- Longevity matters – If a manufacturer has only been in business for 5 years, they can’t really tell you how their window will hold up in 10 years, can they? Also, check how long they’ve been making windows! I have seen vinyl window manufacturers brag about being around since 1930… but, seeing that vinyl windows didn’t hit the market until 1964, this doesn’t exactly tell you anything about their reputation with windows! (And, honestly, a misleading claim like that is almost a sign that you need to be careful with them).
OK! So, how do you pick the right window? If you are NOT looking for vinyl, the answer can be pretty simple: compare options from Andersen and Marvin. They have been the industry leaders for more than 100 years, and both brands have multiple high-quality, non-vinyl options to fit almost any budget.
If you are looking for a vinyl product, the search becomes FAR more confusing. So, let’s keep it simple!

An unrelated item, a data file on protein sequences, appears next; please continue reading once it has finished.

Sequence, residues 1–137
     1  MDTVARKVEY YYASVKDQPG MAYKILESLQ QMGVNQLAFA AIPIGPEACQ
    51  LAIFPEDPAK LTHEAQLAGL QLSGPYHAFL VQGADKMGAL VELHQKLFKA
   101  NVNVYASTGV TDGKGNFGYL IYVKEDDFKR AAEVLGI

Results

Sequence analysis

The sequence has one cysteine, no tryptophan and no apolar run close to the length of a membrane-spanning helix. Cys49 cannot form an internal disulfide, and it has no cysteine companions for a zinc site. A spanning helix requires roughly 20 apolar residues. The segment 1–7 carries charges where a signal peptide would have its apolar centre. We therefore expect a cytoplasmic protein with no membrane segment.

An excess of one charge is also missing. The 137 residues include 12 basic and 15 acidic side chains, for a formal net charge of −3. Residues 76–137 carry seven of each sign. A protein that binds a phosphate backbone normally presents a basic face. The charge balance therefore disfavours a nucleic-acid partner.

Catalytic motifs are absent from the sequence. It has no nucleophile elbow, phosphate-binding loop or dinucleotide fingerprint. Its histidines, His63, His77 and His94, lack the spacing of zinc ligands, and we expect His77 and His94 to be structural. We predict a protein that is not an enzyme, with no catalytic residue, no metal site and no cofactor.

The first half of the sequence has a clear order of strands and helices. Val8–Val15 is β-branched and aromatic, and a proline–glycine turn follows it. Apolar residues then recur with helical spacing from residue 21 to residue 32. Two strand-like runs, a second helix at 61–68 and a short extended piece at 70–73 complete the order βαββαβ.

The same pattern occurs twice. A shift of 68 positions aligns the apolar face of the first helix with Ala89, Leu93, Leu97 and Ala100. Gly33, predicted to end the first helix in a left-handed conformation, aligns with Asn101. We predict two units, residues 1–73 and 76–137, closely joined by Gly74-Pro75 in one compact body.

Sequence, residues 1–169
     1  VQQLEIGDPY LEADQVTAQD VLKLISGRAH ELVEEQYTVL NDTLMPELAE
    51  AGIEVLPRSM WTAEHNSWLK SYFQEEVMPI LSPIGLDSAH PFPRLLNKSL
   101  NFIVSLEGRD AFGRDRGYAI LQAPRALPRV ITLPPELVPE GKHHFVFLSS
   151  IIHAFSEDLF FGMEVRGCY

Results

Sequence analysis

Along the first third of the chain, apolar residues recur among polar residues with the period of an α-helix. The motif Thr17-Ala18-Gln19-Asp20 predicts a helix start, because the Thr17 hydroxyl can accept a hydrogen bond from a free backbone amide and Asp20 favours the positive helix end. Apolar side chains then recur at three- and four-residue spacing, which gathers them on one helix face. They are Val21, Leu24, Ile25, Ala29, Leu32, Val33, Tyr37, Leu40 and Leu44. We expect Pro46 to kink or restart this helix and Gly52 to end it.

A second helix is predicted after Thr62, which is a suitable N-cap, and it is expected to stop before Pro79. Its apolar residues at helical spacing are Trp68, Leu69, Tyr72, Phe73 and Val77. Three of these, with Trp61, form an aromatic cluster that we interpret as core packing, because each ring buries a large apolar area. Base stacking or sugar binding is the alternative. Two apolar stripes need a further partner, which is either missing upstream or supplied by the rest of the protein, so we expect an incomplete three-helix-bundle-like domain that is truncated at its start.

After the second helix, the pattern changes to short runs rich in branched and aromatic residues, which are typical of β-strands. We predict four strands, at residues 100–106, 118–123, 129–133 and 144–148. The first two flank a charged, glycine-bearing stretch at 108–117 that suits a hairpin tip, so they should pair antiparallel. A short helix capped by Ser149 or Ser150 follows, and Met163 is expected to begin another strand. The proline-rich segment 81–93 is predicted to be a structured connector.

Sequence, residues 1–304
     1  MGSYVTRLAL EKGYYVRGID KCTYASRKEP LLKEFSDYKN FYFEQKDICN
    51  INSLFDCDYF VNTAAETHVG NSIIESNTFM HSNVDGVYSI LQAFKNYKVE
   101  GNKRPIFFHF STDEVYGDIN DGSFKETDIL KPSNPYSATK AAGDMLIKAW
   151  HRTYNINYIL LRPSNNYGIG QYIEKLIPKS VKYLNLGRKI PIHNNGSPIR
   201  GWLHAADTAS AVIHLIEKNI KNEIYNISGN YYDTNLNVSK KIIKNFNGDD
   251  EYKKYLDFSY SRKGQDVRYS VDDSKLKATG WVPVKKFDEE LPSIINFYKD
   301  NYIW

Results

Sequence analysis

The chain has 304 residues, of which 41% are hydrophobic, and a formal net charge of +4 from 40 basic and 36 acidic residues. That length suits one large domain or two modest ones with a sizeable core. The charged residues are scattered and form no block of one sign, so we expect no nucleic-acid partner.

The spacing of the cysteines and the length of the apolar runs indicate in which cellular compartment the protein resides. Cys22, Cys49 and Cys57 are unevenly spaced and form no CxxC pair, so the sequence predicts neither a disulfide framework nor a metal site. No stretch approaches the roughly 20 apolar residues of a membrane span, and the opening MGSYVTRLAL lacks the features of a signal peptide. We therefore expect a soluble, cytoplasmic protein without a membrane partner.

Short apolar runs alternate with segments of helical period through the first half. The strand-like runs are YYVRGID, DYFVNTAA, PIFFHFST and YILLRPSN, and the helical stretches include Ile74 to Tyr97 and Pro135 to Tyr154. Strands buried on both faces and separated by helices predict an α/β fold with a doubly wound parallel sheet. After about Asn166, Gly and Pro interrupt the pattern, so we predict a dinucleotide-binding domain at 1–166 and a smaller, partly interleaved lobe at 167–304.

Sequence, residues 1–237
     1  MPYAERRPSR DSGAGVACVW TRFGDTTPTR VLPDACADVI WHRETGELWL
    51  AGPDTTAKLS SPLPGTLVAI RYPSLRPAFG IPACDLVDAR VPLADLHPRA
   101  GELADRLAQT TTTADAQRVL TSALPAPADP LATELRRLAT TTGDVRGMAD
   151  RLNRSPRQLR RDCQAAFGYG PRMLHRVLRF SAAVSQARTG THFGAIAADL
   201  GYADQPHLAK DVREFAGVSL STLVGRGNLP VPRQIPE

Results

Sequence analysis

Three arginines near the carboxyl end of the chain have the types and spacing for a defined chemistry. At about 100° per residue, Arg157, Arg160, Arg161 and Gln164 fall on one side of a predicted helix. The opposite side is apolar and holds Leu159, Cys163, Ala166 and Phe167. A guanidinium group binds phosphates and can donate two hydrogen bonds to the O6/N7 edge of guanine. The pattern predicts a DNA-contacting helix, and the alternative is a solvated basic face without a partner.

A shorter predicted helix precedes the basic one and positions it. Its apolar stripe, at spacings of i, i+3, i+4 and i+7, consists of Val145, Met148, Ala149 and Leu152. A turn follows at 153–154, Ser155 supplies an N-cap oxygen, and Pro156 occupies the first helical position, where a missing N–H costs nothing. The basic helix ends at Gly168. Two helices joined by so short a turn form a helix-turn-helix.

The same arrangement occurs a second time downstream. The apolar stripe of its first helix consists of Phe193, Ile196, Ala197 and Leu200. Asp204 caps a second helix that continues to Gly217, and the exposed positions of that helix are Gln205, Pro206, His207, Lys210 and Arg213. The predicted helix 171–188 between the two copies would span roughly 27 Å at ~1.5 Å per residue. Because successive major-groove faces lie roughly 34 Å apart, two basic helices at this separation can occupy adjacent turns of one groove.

Glass: The modern glass pack consists of 2 or 3 pieces of glass, a single or multiple spacers, and some type of insulating gas trapped inside. There are two reasons to focus on the quality of the glass pack: 1) it accounts for about 90% of what you’re buying, and 2) cheap glass packs are an easy to identify sign that you’re being offered a cheap window. Here are some ways to identify cheap glass packs:
- Multiple spacers, with visible seams in the corners. If you can see where the spacers come together, at a right angle, with a visible seam, then you’re looking at cheap glass! A quality spacer will be a single loop, with curved corners, and no seams in the corners.